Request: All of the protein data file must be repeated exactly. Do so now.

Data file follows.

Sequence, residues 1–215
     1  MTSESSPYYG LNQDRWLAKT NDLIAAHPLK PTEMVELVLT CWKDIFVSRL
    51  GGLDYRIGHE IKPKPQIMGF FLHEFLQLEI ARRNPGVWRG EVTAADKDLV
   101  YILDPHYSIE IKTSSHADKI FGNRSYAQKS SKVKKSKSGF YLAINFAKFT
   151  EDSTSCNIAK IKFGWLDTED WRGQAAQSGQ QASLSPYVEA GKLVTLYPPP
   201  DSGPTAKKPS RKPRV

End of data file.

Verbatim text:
Sequence, residues 1–215
     1  MTSESSPYYG LNQDRWLAKT NDLIAAHPLK PTEMVELVLT CWKDIFVSRL
    51  GGLDYRIGHE IKPKPQIMGF FLHEFLQLEI ARRNPGVWRG EVTAADKDLV
   101  YILDPHYSIE IKTSSHADKI FGNRSYAQKS SKVKKSKSGF YLAINFAKFT
   151  EDSTSCNIAK IKFGWLDTED WRGQAAQSGQ QASLSPYVEA GKLVTLYPPP
   201  DSGPTAKKPS RKPRV